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At least two dead as strong quake hits Mexico, Guatemala

A strong 6.9 magnitude earthquake rocked parts of Mexico and Guatemala Monday, killing one person and injured another as shockwaves toppled walls and causing landslides.

PALENQUE, Mexico: strong 6.9 magnitude earthquake rocked parts of southern Mexico and Guatemala on Monday, killing at least two people as shockwaves toppled walls and caused landslides.

The US Geological Survey -- which revised down the magnitude from 7.1 -- said the quake struck the Pacific coast of Mexico's Chiapas state at about 1124 GMT at a depth of 60 kilometres.

The epicenter was located just two kilometres from the Mexican town of Puerto Madero, and 200 kilometers from Guatemala City.

No tsunami warnings were issued for the area.

In Mexico, one man was reported dead in the town of Huixtla after a wall fell on him, the Chiapas state civil protection department said on Twitter.

And in Guatemala, a newborn baby died in a hospital in the western San Marcos department when part of a ceiling lining fell, President Otto Perez said at a press conference.

He added that an elderly woman passed away from cardiac arrest, but it wasn't immediately clear if the death was related to the quake.

David de Leon, spokesman for the country's disaster response agency said officials were "currently making the rounds to determine if there are people dead or injured and to evaluate the damage."

Guatemala's civil protection authorities, which declared an alert, said at least 20 people were injured and about 20 homes destroyed.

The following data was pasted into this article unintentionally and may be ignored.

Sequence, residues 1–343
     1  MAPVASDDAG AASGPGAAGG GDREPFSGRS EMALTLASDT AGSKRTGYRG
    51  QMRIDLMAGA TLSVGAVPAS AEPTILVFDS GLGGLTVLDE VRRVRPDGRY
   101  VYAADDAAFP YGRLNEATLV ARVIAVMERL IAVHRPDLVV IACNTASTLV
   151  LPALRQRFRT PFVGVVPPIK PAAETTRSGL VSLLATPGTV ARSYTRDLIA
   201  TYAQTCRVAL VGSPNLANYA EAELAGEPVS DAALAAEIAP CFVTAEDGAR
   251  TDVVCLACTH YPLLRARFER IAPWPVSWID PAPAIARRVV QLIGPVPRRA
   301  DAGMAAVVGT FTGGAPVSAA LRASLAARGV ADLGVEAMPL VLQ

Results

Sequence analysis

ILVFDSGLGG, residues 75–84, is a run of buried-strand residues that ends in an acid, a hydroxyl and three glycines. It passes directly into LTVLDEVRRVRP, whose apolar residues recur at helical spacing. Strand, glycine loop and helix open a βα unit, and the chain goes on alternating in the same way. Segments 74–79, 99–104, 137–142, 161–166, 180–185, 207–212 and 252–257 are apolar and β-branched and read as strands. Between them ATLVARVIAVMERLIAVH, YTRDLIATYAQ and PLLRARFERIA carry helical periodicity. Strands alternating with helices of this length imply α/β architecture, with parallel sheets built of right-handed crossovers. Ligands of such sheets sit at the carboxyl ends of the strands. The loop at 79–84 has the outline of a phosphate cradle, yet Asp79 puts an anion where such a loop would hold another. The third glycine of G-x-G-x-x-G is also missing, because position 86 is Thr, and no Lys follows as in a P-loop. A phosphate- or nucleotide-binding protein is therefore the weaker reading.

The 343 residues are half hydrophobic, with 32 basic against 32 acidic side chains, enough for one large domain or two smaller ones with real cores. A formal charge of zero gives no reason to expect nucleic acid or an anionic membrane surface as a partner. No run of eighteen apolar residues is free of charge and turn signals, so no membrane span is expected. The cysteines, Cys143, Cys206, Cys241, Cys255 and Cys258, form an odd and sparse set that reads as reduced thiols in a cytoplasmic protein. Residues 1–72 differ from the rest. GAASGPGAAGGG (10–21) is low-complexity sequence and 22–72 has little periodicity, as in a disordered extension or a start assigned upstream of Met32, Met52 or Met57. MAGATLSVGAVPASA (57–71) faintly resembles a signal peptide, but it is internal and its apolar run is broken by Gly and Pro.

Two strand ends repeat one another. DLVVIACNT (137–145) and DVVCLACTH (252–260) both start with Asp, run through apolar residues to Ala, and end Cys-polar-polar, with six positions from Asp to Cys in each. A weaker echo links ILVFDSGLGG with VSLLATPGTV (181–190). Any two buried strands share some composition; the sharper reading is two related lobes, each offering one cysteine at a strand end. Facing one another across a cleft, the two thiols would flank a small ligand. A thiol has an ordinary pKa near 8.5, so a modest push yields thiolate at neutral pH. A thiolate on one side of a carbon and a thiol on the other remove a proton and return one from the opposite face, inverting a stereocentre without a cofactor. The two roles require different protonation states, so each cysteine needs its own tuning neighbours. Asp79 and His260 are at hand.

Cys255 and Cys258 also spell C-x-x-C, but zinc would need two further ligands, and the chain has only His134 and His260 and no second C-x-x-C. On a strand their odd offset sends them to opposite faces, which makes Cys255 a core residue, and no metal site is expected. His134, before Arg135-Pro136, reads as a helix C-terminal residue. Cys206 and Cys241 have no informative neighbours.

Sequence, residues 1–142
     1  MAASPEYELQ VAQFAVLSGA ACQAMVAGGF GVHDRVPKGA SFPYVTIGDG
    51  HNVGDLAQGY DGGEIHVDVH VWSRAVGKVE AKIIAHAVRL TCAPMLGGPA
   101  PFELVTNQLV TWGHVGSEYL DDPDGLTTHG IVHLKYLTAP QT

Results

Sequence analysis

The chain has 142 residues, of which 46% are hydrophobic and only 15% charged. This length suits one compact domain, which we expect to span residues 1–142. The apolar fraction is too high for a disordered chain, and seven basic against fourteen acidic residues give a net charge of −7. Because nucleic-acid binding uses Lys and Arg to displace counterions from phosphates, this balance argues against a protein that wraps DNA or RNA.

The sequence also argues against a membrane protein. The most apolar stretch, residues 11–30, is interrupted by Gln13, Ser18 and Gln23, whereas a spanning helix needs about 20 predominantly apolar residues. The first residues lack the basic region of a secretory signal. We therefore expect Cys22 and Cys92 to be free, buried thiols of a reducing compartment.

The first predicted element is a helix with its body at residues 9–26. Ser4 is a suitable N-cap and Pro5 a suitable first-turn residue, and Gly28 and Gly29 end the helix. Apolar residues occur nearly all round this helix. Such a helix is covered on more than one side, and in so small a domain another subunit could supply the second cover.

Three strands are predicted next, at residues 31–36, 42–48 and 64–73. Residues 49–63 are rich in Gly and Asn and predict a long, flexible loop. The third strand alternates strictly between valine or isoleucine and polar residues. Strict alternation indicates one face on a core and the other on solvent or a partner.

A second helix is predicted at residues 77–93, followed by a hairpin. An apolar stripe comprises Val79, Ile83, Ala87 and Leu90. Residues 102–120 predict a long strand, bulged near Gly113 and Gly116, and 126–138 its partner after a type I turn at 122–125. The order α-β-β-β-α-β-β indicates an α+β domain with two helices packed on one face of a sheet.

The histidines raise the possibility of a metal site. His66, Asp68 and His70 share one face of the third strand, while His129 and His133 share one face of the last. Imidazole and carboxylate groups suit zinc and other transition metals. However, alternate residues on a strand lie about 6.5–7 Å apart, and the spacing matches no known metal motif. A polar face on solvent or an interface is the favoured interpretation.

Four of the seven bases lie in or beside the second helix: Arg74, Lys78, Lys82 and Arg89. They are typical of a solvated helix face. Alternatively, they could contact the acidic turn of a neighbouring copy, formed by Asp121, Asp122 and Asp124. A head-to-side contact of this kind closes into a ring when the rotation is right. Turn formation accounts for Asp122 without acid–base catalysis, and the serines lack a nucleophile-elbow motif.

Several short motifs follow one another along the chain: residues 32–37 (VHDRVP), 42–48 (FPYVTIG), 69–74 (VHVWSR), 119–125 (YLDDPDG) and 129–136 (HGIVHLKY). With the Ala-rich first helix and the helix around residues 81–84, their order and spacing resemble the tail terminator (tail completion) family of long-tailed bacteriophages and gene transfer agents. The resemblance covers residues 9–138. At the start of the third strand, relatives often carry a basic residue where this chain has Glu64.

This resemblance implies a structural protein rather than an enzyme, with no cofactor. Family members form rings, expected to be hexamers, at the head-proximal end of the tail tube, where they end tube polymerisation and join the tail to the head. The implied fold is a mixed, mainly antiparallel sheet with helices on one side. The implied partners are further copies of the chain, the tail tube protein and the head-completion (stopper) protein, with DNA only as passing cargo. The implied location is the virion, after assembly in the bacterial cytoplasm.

Some roads were blocked by landslides triggered by the quake, and the country's minister of education canceled class in five departments as a preventative measure, after several schools suffered damage.

In Mexico, buildings and highways were cracked, and mountain roads collapsed, authorities said.

At the airport in Tapachula, ceilings caved in but flights were still operating.

Authorities were assessing damage in other areas of Chiapas, one of Mexico's poorest states.

Tremors could be felt some 670 miles away in parts of Mexico City where "for the moment there is no damage or injuries," Mayor Miguel Angel Mancera said.

The quake was also felt in El Salvador, where no injuries or damage were reported.

Mexico is prone to seismic activity, with earthquakes occurring most often along the Pacific coast. This was the 33rd seismic event in Chiapas this month, according to the civil protection department.

Western Guatemala was rocked by a 7.4-magnitude earthquake in November 2012. Forty-four people were killed.

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